ANIMATION Month at Film Torments continues with one of the most 90s films imaginable. Born from rampant commercialism and squandered institutions, it’s 1996’s Space Jam.
Okay… I think I might be in trouble for this one…
Space Jam is a very nostalgic film for children of the nineties. I was six years old when it came out and I thought it was awesome, but that’s because I was six years old and therefore a complete idiot. I liked ANY dumb cartoon at that age (I never missed an episode of Cow and Chicken, as shameful as it is to admit) and I couldn’t tell the difference between the classic Looney Tunes and this new, hipper version.
Now I’m an adult and this movie still has a bit of a nostalgic grip on me; I’ll watch it from beginning to end quite happily and have fun doing so. But I’m embarrassed that I like it, and there are elements in this movie which I absolutely despise. It’s a great shame to think that this hack-job is the defining Looney Tunes product of an entire generation, but to this day millennials get excited every time there’s a rumour of a sequel to this piece of garbage.
Space Jam has one of the most bizarre plots ever conceived, especially in the way it twists real events. In 1993, basketball legend Michael Jordan abruptly quit the Chicago Bulls to play baseball following the death of his baseball-loving father, who was murdered while taking a nap at a rest stop earlier that year. Two years later, he returned to basketball and continued to be the most important player of his generation. In real life, the Looney Tunes had nothing to do with this strange sequence of events, but Space Jam takes more historical liberties than Amadeus.
It’s weird to think that Jordan plays himself in a film which trivialises and misrepresents such a difficult time of his life, but I can’t help thinking he was in this for the money. Space Jam started as a series of commercials for Nike Air Jordans, which featured cameos from Bugs Bunny and Marvin the Martian.
The original series of Looney Tunes shorts had stopped back in the 60s when cinemas were no longer playing them and cartoons tended to be cheap Saturday morning fare. By the mid-90s, all of their original creators were dead or retired, and the voice actor behind ALL of them – Mel Blanc – also passed away in 1989, so they were just kind of floating around being used as profitable intellectual property without any of the creative geniuses using them for any better purpose.
Several Looney Tunes characters had made cameos in 1988’s masterpiece Who Framed Roger Rabbit?, which Space Jam owes a lot to. In Roger Rabbit, Toon Town was a segregated area in 1940s Los Angeles, and the politics between human beings and Toons (who are an oppressed and exploited minority, just like [insert literally any ethnic minority here] in the 40s) were clearly and cleverly established.
In Space Jam, the Looney Tunes somehow live in the centre of the universe, broadcast their cartoons from there (apparently performing them live every single day) and are just sort of known about. There’s no consistency to whether or not people know that the Looney Tunes live in the earth’s core, but even weirder there seems to be an entire cartoon universe with Toon aliens. Earth is, as far as we know, the only non-cartoon world, and even then it’s only on the surface.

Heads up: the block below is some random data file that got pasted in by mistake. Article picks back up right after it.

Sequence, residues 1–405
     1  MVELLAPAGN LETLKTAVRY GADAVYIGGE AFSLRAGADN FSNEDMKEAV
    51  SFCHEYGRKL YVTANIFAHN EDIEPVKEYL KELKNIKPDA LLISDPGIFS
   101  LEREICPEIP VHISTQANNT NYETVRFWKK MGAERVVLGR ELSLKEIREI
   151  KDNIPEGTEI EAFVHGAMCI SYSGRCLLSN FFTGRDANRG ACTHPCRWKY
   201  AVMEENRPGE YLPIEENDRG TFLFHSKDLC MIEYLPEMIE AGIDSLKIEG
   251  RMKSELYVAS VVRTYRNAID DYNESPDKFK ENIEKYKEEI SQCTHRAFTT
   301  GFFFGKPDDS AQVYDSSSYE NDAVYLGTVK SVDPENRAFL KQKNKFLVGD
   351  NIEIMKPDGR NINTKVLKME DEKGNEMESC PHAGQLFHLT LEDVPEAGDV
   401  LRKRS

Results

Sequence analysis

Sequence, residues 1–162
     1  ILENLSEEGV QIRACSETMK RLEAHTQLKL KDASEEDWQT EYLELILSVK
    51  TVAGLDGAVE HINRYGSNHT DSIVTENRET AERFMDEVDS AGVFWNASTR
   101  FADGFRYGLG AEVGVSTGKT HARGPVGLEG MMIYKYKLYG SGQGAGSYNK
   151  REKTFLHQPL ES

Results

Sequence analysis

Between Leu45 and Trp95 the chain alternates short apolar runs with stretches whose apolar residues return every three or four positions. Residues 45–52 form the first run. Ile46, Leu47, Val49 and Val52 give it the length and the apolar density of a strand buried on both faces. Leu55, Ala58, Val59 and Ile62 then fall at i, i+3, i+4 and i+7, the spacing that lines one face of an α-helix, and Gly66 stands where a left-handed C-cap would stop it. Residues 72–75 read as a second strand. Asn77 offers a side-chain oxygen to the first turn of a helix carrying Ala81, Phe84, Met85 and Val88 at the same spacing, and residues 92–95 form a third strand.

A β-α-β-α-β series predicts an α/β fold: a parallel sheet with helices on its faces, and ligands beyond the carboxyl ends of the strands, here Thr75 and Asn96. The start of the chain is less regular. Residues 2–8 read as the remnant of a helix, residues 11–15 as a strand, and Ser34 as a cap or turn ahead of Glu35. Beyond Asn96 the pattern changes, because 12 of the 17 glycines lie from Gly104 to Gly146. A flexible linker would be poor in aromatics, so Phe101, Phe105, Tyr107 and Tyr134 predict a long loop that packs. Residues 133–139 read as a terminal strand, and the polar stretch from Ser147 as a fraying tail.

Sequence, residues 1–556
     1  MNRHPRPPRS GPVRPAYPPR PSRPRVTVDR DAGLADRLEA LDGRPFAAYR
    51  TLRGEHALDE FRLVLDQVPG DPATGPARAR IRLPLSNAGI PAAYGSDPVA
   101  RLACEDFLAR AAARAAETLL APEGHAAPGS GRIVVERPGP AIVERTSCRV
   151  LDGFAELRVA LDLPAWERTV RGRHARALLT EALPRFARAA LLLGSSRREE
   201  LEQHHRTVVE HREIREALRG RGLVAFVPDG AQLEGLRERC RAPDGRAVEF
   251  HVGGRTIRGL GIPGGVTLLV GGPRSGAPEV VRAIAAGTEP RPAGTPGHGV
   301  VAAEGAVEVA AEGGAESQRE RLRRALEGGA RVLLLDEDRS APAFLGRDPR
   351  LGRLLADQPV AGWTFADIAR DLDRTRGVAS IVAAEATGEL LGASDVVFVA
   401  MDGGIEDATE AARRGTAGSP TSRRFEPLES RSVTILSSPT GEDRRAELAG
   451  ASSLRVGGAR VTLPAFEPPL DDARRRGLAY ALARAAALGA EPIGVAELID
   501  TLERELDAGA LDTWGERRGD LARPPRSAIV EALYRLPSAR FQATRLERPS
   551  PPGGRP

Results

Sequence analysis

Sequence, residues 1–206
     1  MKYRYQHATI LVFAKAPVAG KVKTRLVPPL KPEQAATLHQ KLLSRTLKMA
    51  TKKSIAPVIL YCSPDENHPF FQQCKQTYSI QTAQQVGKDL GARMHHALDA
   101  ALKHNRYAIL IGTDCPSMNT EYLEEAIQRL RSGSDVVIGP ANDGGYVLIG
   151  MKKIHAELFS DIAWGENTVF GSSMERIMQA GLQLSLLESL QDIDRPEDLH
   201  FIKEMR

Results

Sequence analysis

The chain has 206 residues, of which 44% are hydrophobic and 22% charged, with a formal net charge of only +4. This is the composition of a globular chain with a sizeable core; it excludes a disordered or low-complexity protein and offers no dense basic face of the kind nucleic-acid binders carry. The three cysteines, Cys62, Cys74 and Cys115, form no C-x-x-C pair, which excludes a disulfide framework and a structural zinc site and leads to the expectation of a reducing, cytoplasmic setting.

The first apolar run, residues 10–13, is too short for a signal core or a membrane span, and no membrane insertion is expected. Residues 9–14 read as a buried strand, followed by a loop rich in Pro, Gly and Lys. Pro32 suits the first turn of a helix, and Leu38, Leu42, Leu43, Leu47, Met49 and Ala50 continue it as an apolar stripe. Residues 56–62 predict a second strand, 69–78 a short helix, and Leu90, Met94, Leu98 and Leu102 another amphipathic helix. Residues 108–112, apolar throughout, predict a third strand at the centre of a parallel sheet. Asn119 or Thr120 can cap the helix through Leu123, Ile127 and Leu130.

One of Space Jam’s most notorious marketing moves was the addition of a new Looney Tune who apparently nobody knows prior to this. (She just drops in half an hour into the movie all like, “Hey y’all, I exist now.”) Her name was Lola Bunny, a distaff counterpart and love interest to Bugs. Of course, we never needed a female Bugs Bunny because Bugs did a damn fine job of playing a female all on his own, and Lola fails at her purpose in one big way: She’s not funny.
She’s not loony, she’s not witty… instead, she’s weirdly oversexualised. I’m sure the furries are into it, but Lola is downright creepy to watch when remembering that she’s supposed to be a Looney Tune. It’s not like Looney Tunes are meant to be totally asexual (Pepe Le Pew and Speedy Gonzales were total horndogs in particular), but they weren’t played up to be sexually appealing to the audience the way Lola is.
Lola’s sexiness may be another attempt to mimic Who Framed Roger Rabbit? (hey, what if Jessica Rabbit was actually a rabbit?), but mostly she comes across as a failed attempt to make a strong female role model. Her most noteworthy personality traits are she plays basketball pretty well and she hates being called “doll” – but Hollywood wasn’t very good at that in the 90s and she just came across as a weird oddity.
Lola is still in the Looney Tunes line-up, but as of their most recent show her character has been completely changed to an airheaded stalker obsessed with Bugs, and she’s now voiced by the brilliant Kristen Wiig. Lola hasn’t remained as big a disaster as she was at first, but at the time she was an embarrassing attempt at pandering.
Space Jam has its redeeming moments, like some decent slapstick in the lengthy basketball sequence, some nice cameos (including Bill Murray, who I’m guessing ad-libbed his funniest lines because he’s the best part of the movie) and great animation. Not to mention its hugely successful soundtrack. Unfortunately, it relies too much on non-actor Michael Jordan and obnoxious exaggerations of the Looney Tunes personalities which are far too in-your-face (often literally; this film does A LOT of extreme close-ups).
I suppose it could have been a worse movie and it could definitely have been less memorable, but it’s one piece of 90s nostalgia I’m glad we haven’t seen too many imitators of. Space Jam reiterates that the Looney Tunes work best in short pieces, and that, if there’s ever another Michael Jordan biopic, we should really get a proper actor to play him.